BAL@CLE: Bourn's diving catch seals Tribe win

CHICAGO -- Michael Bourn is quick to point out just how long he's been slumping at the plate recently, but he also said before Thursday's series opener against the White Sox that experience tells him he'll come out of it.

"I'd say I've [been slumping at the plate] the last month and a half," Bourn said. "I always believe that I can come out of it any given day. That's how I look at it. … I take it one day at a time and I just grind away."

Going into Thursday's opener in Chicago, Bourn was hitting .211 since the All-Star break, compared to a .290 clip in the first half. The leadoff man said that one thing he knows will help down the stretch is the excitement of the playoff push as the Indians continue to chase a Wild Card berth.

"The best thing about it is to be playing meaningful games," said Bourn, whose team in 2012 -- the Braves -- lost the National League Wild Card playoff to the Cardinals. "It's miserable playing games that don't count in August and September. I've been down that road and I hated it. … When you've got something to play for, there's just so much excitement."

As Bourn has gone, so has the Indians' offense. Entering play on Thursday the Indians were averaging 3.88 runs per game since the break, batting .239 with a .688 OPS, each third-lowest in the American League over that period.

Bourn said he knows how much his team depends on him for a spark from the top of the lineup, especially with Cleveland's second-half offensive struggles.

"I know my team depends on me," Bourn said. "If I'm rolling, we're rolling. Even when I was with the Braves, Chipper [Jones] used to [say] all the time, if Mike's rolling, we're rolling. It's been like that with almost any team I've been on.

"I'm glad to be able to be the one that gets the engine going. I love that."

Giambi compares Tribe to A's of last decade

CLE@MIN: Giambi ties the game with a three-run shot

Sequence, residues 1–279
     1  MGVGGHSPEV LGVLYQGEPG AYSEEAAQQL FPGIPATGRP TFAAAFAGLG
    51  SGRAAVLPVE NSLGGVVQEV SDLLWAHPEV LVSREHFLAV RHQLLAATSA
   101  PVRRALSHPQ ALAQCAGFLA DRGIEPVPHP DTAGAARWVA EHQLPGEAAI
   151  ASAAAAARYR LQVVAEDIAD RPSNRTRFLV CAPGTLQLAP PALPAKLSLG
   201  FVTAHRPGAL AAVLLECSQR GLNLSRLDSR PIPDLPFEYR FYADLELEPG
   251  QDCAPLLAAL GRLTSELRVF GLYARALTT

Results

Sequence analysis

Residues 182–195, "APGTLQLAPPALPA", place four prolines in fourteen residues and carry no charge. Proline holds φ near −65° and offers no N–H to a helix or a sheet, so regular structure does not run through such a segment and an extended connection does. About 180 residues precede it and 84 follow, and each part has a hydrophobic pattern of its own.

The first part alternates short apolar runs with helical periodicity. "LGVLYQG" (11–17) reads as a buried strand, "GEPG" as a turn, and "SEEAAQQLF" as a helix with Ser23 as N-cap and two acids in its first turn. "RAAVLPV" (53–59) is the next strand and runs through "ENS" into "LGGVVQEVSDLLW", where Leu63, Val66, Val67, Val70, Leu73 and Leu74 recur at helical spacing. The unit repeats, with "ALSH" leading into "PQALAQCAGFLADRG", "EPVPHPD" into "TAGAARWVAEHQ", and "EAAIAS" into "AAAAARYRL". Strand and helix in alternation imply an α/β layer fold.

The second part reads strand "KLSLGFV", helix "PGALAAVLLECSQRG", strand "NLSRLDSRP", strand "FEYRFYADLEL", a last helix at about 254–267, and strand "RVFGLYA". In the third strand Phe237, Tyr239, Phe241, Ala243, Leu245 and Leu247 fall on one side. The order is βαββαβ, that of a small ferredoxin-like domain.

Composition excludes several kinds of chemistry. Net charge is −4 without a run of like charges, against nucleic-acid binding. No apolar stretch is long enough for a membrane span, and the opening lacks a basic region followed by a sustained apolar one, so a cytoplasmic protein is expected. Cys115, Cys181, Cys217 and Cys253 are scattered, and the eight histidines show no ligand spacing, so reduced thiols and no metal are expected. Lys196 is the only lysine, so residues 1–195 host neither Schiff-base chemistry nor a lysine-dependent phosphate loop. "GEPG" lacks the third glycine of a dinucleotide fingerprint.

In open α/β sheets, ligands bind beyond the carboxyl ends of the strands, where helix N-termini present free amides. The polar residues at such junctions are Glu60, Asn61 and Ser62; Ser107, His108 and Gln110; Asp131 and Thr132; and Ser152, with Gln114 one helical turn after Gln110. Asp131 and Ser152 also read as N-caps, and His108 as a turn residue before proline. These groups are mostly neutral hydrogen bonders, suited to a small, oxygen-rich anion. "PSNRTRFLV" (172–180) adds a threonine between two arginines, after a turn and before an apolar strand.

CHICAGO -- Jason Giambi has been a part of many teams that were in the position that the Indians currently find themselves in, pushing toward October with hopes of playing in the postseason.

Giambi, a 19-year veteran, said that this season's Indians remind him of some of the A's teams he played on over a decade ago.

"This team reminds me a lot of the Oakland teams," Giambi said. "Great starting pitching [and] a great bullpen. We definitely hit with more power in Oakland, but we have that team chemistry [and] guys are really tight on this team and really root for each other.

"The play of some guys on the bench, from Ryan Raburn to the rest of the guys like Mike Aviles and Yan Gomes have been unbelievable. So that's been really exciting. The team chemistry is what I think has really carried us through."

Manager Terry Francona said that having a player like Giambi, with the experience and clubhouse presence that he brings, has also been an invaluable asset for the club.

"When you have guys like 'G' around, it's a huge help," Francona said. "I've told these guys all year. I've tried to talk about him and I don't feel like I've done it justice. That's how strongly I feel about his presence."

Masterson plays catch up to 90 feet Thursday

BAL@CLE: Masterson on his early exit with rib injury

CHICAGO -- Right-hander Justin Masterson -- who strained his left oblique muscle in his Sept. 2 start against Baltimore and had to leave the game in the second inning -- played catch before Thursday's series opener against the White Sox.

"He came out today and played catch," manager Terry Francona said. "He went out to about 90 feet [and there were] no issues, no problems. And we'll just continue that progression. … He has to go [through] his progression, but he did well.

"[When he returns] all depends on how quickly he comes back. If he's back and healthy, we can pitch him. But that has to happen. So, we don't need to put one thing ahead of the other."

Masterson is 14-10 with a 3.52 ERA in 29 starts this season.

Worth noting

• Outfielder Ryan Raburn was back in the lineup Thursday against the White Sox. He had been out of the lineup since Saturday, dealing with a left Achilles strain that initially landed him on the 15-day disabled list retroactive to Aug. 19.

Raburn was activated on Sep. 3, but the pain in his heel flared up again, prompting him to miss more time.

"I think some days are better than others [for Raburn]," manager Terry Francona said. "Sometimes he'll do something and he'll feel it, so we kind of keep an eye on him. But I don't think it's anything that's going to get in the way. … He's OK. You'll see him this weekend."

• Reliever Carlos Carrasco, who had been away from the team since Sep. 10 attending to a family matter, was back with the club in Chicago for the series opener with the White Sox on Thursday.

• Entering Thursday's series opener with the White Sox, second baseman Jason Kipnis was batting .424 (25-for-59) in 16 career games at U.S. Cellular Field. That was the highest qualifying batting average by a visiting player at U.S. Cellular field since the start of the 2011 season.

Kipnis -- who also led all active visiting players at U.S. Cellular Field in OBP (.514), slugging percentage (.746), OPS (1.260), and RBIs (18) -- is a native of Northbrook, Ill.